Nintendo developers really had no choice but to make the Wii controllers wireless. Whipping around a Wiimote that’s wired to the console, which is wired to the TV, which is wired to the wall — it’s just a recipe for domestic calamity.
So the Wiimote is very thankfully wireless (though you should still be careful of that cord that connects the nunchuck to the main controller, especially when you’re playing that boxing game).
You can also get wireless controllers for other consoles like the PlayStation 3 and the Xbox 360. But cutting the umbilical and going wireless only ties you down in another way: You must keep a well-stocked larder of AA batteries at the ready, lest you run out of power mid-riff, mid-slash or mid-grenade-throw.
I can’t name another object in my home that uses AA batteries anymore — or disposable power cells of any sort. If something can’t be recharged with a wall wart or a mini USB plug, it feels almost antiquated. Of course, anything can be made rechargeable simply by getting a set of standard-sized rechargeable cells and a wall charger. Some specialty vendors aim for a sleeker solution.
Technically ‘Wireless,’ I Suppose
One is WildCharge, which makes a new TouchCharge kit for game controllers. The system’s promotional materials throw around terms like “wire-free” and “wirelessly charge,” so perhaps it’s best I get this out of the way first: This is not that Tesla-inspired wireless electricity you may have read about. The battery charges by making physical contact with the power source. The point of contact is technically not a wire that you have to plug into the controller, but it is a metal-on-metal connection.
TouchCharge allows you to replenish your wireless Wii, Xbox or PS3 controllers simply by laying them down on a special charging pad. When you run out of power, or you’re just ready to stop playing, set it down on the pad and go do something else. An hour or so later, your controller is recharged and ready to go again.
I used the Wii edition. Out of the box, you get the pad, its power cord and two power packs. The power packs replace both the batteries and the battery doors on your wireless controllers. They have electrical pickups on the bottom, so when you set the controller down on the pad, a circuit is completed and the battery starts charging. It’s slightly magnetized, so the controllers stay firmly in place.
Energy performance for the TouchCharge was satisfactory. After leaving the system alone for about an hour, the indicators on my two Wii controllers were full, and after that they played nicely for over two hours. Since the package comes with two power packs, I can see this being a convenient arrangement for anyone except those who want to play as a pair for hours and hours on end.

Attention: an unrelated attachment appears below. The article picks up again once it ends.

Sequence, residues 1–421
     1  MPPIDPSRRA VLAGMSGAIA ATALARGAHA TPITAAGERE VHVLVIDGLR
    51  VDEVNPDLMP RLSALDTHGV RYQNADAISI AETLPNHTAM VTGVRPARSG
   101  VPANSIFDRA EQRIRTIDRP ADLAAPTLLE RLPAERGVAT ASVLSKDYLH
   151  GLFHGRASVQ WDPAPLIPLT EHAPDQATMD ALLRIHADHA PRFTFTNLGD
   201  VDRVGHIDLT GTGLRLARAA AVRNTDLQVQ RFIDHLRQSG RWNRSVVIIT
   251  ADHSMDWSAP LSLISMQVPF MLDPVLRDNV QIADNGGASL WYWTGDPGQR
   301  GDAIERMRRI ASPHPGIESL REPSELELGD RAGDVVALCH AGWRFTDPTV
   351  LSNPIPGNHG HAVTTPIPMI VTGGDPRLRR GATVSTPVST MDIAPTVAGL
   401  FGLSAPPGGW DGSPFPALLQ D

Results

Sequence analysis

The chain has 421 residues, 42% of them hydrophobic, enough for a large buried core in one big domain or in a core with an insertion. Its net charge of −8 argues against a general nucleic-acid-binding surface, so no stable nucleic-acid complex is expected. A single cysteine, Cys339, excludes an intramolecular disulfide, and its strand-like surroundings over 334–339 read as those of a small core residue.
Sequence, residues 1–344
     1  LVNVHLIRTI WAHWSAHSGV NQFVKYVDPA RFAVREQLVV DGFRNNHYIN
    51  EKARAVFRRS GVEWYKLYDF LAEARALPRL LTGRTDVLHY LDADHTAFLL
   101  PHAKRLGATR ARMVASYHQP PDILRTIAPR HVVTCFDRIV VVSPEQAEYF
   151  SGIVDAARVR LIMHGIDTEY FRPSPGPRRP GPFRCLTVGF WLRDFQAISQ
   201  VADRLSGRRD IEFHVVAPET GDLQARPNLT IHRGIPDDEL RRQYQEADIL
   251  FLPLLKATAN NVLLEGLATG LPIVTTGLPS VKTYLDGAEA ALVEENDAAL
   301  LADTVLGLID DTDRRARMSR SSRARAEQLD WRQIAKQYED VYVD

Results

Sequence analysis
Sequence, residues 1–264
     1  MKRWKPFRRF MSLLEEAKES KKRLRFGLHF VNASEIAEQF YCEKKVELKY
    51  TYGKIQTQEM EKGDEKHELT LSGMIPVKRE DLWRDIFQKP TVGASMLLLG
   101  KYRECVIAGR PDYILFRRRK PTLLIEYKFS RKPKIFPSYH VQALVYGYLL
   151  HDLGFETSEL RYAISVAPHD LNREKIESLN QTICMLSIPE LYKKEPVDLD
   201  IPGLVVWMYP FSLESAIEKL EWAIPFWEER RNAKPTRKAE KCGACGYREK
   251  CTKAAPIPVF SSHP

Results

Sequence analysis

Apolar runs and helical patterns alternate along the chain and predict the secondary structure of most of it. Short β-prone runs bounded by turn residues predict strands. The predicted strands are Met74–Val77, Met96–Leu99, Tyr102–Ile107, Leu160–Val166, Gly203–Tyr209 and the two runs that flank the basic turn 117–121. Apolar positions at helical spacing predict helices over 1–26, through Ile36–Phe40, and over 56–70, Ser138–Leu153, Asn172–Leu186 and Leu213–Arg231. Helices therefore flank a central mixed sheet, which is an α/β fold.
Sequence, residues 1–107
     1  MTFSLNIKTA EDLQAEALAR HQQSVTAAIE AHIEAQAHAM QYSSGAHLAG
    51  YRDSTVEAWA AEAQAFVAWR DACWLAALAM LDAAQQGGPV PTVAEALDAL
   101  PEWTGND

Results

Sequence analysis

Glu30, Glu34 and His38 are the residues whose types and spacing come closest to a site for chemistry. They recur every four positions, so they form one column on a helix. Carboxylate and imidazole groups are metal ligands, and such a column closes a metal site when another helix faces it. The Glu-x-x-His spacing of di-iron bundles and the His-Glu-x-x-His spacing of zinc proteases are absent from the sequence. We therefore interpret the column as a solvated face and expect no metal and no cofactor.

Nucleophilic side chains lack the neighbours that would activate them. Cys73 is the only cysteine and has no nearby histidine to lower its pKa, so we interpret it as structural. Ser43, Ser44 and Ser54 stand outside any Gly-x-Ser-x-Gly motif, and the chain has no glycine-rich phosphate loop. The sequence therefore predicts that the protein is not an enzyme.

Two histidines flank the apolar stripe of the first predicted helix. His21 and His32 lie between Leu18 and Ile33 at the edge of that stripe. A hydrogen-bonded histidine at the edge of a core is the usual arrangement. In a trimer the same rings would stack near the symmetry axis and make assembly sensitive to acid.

However, even though power performance didn’t have me missing AA batteries at all, the device’s design is a major disappointment, at least for Wii users. The power pack that replaces the disposable batteries and the battery door alters the shape of the controller. The change is subtle; it’s still comfortable enough when you’re holding it in your hand. However, it makes the controller unusable with peripherals — those pieces of white molded plastic that turn the controller into a steering wheel, a gun, a tennis racket, etc. Some peripherals are required to properly play the games for which they’re designed.
I’m guessing WildCharge had to alter the rounded shape of the controller in order to create a flat surface that would make a good connection to the charge pad. Whatever the reason, it makes the controller unable to fit into special controller add-ons like the “Mario Kart” steering wheel or the Wii Zapper. Gamers who like their Wii tchotchkes should consider looking elsewhere. There are other chargers out there that won’t reshape the controller.
This design problem is probably not as evident in the Xbox or PS3 versions.
Worth the Convenience?
By changing the physical profile of a Wii controller, the TouchCharge kit sacrifices the Nintendo system’s versatility in favor of convenience. Is that convenience worth it? That depends on how many TouchCharge-enabled devices you happen to have. If you have two or three video game systems (yikes), and they all have wireless controllers, then yes, it might be convenient to have a single, centralized place where you can just set them all down and let them repower. It beats having a shelf full of various cradles or loose wires.
On the other hand, if all you have is a Wii, I wouldn’t recommend the TouchCharge. Although you don’t have to insert a wire to replenish your Wiimote, you still have to set it down someplace and wait, just like any other cradle charger, and the fact that it precludes the use of many Wii peripherals is a deal-breaker.
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